Gray then stated, "it was absolutely ludicrous" to "suggest there was collaboration of any significant nature between the council and the mayor of the District of Columbia."

"Let me assure you the collaboration, you just heard about, I must have missed those meeting because those meetings do not exist," Gray continued.

Fenty appeared to find his footing during the debate when he was, once again, asked about why his administration formally recognized the leader of an organization that believes gays can be treated with psychotherapy.

"The fact of the matter is when you have a lot of people working for you, sometimes mistakes happen," said Fenty, appearing more emotional than he usually does in public "I personally and professionally apologize to every person in this room and every person in this city. It shouldn't have happened...I messed up. It's my fault...It's my mistake."

But Gray appeared to score points with the audience when he pledged to create a specialized police unit that is focused on issues of concerns to the gay community, such as hate crimes. Fenty defended Police Chief Cathy Lanier's decision to reorganize the Gay and Lesbian Liaison Unit.

When the debate shifted toward issues of a broader concern to the citywide electorate, Fenty's message was at times remains crisper than Gray's. Fenty said debate over whether Gray would keep Schools Chancellor Michelle Rhee if elected will be the "biggest distinction" in the race. Fenty has pledged to keep Rhee, saying she is getting results when it comes to improving schools. Gray said he's undecided on Rhee's fate.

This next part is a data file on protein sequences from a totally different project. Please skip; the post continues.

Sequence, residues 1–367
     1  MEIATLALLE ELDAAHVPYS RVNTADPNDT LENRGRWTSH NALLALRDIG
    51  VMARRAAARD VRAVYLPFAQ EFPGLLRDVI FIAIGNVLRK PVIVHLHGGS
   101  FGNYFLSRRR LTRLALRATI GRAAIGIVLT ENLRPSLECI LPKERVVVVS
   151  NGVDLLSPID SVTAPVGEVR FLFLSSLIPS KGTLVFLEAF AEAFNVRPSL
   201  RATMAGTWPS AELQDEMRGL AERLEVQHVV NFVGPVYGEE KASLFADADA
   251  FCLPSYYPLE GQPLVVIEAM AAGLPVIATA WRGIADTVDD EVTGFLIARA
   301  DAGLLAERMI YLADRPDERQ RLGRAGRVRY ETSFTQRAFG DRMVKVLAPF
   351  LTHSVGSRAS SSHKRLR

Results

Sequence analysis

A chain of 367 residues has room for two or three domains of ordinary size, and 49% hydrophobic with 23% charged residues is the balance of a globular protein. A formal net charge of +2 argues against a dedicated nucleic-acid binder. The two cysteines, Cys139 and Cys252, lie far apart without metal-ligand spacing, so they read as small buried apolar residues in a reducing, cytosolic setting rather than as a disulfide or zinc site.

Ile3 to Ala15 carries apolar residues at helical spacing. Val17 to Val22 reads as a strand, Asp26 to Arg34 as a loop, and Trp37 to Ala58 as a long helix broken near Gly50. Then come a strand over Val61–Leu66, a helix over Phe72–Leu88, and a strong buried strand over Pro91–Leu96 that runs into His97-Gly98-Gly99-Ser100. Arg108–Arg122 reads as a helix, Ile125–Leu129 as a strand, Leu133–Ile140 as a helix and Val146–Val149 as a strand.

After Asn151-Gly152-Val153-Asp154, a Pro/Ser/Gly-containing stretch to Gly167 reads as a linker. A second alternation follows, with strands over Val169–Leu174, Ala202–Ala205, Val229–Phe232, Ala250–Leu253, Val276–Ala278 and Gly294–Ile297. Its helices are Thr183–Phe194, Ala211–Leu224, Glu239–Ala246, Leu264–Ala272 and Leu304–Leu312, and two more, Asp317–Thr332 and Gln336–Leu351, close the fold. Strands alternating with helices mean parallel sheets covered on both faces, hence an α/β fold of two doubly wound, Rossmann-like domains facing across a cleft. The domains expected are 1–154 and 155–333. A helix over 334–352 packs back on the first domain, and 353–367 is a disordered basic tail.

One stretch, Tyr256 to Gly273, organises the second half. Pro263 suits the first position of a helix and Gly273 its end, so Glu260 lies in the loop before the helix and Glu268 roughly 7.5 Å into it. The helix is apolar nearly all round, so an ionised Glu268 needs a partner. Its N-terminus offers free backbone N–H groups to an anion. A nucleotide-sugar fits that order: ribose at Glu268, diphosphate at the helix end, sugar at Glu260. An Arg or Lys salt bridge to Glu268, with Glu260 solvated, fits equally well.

Fenty also appealed to the audience, made up of up about 100 members of the Stein Club, to consider "all of the progress" that occurred in the city since he was elected in 2006.

"What we have tried to show over the past three years is that the District of Columbia government and the city as a whole should be second in nothing," Fenty said during his closing statement. "This administration is focused on the future, maximizing the potential of Washington D.C. I would hope you would judge the administration on how we have tackled the city's most pressing issues."

To secure the endorsement of the Stein Club, Gray or Fenty needed to receive at least 60 percent of the vote. Since Gray won with 63 percent and there appeared to be only 100 votes cast, Fenty could have denied Gray the endorsement if only one or two members had switched their votes or pushed for no endorsement at all.

Rick Rosendall, the vice-president for political affairs for the Gay and Lesbian Activists Alliance, wrote on GLAA's blog last night Gray pulled off "a historic upset."

"Fenty read from notes, while Gray spoke without notes," Rosendall wrote. "What probably put Gray over the top, though, was how well he sold himself as someone with a history of working with the community and was more collaborative than the aloof Fenty."

--Tim Craig

By  |  10:54 AM ET, 06/15/2010

Categories:  Tim Craig, Tim Craig, Tim Craig, Tim Craig